Saturn's moon Mimas either has an underground ocean or an oddly-shaped core, according to researchers.
"We thought it was the most boring satellite," Radwan Tajeddine, a planetary scientist at Cornell University, said of Mimas. But when it was noted that the moon was wobbling more than expected, it was realized that there's more to Mimas than meets the eye.
"Something else has to be going on inside," says Tajeddine, who published a study with his colleagues online today in the journal Science.
While some scientists disagree with the findings reported in the paper, Tajeddine's team believes this wobble points to one of two possible explanations: either an ocean is buried beneath Mimas' icy crust, or its core is misshapen. Based on NASA images of Mimas, the team reconstructed the moon in 3D imaging and developed models to try to explain the wobble.
The first model that worked gave Mimas a rocky core shaped like a rugby ball. Tajeddine theorized that perhaps the core formed first, closer to Saturn, and was deformed into the oval shape by the planet's strong gravity. After it drifted further away, ice settled onto the moon, giving it its current round shape. However, if this were the case, the team expects some retention of the rugby ball shape to be seen poking out of the round surface, but this is not observed.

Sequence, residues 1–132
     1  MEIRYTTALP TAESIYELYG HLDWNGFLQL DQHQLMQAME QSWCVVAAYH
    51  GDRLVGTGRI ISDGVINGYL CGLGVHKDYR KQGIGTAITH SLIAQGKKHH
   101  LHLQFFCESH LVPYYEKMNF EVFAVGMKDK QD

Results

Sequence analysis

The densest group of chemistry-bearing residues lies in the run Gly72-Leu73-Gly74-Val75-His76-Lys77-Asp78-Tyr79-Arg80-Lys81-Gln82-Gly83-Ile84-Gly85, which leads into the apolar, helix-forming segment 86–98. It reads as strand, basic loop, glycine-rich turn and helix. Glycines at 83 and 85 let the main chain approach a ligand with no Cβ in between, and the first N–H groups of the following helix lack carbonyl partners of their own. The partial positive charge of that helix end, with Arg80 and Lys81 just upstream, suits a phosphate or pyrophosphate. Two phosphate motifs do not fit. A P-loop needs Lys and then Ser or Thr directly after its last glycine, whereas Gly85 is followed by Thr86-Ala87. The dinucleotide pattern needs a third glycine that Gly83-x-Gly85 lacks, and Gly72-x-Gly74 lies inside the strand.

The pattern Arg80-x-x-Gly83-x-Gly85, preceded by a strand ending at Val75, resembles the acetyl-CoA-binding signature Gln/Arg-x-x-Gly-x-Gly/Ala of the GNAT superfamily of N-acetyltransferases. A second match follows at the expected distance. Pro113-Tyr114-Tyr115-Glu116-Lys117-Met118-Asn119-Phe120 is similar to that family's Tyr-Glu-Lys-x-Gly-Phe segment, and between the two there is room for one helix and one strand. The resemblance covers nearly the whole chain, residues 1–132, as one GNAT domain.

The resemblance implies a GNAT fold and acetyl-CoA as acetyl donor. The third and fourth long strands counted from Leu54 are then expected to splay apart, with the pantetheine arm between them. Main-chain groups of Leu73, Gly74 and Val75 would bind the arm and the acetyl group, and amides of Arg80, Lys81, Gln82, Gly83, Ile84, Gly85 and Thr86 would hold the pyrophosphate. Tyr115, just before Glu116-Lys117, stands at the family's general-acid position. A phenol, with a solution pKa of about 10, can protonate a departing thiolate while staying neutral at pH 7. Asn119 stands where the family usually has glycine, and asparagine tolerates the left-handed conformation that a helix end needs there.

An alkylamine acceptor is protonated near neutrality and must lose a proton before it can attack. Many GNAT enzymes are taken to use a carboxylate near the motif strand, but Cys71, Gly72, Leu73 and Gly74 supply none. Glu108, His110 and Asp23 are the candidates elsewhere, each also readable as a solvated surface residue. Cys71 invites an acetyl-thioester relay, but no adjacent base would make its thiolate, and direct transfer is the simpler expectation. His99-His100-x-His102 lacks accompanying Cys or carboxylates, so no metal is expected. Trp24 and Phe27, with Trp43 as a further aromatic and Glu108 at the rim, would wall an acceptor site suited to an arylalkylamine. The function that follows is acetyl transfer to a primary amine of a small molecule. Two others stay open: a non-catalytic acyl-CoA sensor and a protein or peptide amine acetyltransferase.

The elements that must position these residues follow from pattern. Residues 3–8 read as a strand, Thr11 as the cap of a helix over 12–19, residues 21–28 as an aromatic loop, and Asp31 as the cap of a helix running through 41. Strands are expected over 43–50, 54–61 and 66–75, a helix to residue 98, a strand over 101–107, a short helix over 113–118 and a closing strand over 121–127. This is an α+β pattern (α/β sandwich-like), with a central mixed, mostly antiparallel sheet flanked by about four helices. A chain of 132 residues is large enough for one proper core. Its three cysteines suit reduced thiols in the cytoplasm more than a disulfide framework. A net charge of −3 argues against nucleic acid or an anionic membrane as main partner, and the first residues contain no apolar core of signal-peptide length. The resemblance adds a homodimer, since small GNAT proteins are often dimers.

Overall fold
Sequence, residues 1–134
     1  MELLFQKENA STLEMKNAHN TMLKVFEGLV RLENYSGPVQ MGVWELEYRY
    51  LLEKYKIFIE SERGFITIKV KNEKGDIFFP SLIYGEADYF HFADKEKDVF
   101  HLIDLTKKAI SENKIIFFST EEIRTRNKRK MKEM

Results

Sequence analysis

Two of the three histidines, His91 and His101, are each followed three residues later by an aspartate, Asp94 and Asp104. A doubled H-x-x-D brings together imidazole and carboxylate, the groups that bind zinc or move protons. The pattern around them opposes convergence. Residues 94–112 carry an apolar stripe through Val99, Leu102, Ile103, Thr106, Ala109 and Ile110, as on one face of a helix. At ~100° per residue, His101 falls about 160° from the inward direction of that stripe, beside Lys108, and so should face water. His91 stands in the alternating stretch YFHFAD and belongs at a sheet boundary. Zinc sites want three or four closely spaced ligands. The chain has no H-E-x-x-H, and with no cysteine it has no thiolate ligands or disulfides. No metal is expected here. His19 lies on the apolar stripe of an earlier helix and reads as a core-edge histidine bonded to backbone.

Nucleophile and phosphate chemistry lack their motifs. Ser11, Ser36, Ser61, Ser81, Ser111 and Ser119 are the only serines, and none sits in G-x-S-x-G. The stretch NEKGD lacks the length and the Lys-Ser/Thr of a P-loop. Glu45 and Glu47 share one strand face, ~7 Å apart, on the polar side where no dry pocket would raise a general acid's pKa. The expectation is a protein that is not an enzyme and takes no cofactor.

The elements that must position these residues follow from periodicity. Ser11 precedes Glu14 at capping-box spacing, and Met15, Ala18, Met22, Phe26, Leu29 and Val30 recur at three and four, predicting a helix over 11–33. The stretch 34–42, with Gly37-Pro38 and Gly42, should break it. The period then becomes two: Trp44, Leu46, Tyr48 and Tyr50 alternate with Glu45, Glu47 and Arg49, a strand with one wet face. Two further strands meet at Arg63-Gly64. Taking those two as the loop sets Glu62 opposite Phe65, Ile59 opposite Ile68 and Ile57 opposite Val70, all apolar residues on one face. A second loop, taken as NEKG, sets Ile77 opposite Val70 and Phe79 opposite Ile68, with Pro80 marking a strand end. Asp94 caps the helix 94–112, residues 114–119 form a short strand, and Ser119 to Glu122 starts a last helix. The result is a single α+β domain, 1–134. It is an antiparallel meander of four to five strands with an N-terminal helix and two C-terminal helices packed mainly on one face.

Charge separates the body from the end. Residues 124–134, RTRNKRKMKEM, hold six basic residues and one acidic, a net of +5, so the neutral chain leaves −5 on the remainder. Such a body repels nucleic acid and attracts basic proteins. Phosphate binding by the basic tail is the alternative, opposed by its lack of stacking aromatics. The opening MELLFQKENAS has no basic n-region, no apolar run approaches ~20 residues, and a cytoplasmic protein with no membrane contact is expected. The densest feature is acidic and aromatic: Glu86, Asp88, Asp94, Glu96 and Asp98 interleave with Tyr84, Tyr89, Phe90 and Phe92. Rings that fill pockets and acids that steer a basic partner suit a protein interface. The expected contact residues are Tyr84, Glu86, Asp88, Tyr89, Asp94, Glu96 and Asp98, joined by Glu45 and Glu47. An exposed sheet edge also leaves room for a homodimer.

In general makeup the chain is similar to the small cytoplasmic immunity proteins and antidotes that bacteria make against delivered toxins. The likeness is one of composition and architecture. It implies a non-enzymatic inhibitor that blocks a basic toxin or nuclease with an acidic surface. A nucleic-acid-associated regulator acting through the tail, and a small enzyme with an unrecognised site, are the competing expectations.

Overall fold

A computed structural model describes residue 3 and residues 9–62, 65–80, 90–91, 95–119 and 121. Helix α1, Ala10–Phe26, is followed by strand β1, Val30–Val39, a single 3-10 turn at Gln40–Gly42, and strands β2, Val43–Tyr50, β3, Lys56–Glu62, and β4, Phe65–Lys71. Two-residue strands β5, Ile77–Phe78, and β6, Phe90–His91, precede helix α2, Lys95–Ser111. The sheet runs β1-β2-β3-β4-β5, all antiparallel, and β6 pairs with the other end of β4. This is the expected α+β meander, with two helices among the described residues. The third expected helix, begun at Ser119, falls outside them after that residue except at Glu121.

The second model gave Mimas an ocean under its surface, and the sloshing around of the liquid is what would cause the wobble. However, Mimas' surface - which is very old, and very cratered - shows no signs of ever having had water on its surface.
Planetary scientist William McKinnon finds this second model "implausible." It would only take a few million years (not long in astronomical times) for that underground ocean to freeze over due to orbital dynamics, meaning our observation of this unstable state would be quite coincidental. He suggests the wobble can simply be explained by a comet striking Mimas.
Mimas, also called Saturn I, is most famous for resembling the Death Star when viewed from certain angles. The moon's Herschel crater looks like the Death Star's superlaser, but Mimas was discovered almost three years after the release of A New Hope, so the similarities are entirely coincidental. Unless George Lucas is a prophet - and he is not; rest assured.